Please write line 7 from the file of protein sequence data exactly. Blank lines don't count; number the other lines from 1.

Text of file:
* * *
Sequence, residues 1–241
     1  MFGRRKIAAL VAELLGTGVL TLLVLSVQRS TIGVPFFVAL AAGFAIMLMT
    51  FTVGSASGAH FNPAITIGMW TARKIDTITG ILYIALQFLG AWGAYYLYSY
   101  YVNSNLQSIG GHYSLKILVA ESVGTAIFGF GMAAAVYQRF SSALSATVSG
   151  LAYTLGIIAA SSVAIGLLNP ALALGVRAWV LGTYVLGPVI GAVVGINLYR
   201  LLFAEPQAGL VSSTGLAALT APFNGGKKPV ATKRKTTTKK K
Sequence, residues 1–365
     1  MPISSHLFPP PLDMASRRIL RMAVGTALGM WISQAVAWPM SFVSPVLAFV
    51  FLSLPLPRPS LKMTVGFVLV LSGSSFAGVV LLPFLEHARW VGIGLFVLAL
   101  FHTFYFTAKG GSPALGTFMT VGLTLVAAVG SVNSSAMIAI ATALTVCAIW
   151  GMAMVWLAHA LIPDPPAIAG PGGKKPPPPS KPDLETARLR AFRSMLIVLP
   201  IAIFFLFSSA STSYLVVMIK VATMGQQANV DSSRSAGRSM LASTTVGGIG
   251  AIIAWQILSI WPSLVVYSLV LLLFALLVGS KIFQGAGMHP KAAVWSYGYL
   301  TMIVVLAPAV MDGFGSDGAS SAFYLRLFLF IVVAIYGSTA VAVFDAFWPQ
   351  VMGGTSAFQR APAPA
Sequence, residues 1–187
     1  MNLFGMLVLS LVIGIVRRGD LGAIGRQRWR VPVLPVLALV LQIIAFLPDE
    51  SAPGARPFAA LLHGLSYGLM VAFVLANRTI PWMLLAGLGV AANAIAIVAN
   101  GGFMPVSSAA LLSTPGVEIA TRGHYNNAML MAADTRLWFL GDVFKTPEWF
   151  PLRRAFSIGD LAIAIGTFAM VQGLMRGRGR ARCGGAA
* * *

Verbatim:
Sequence, residues 1–365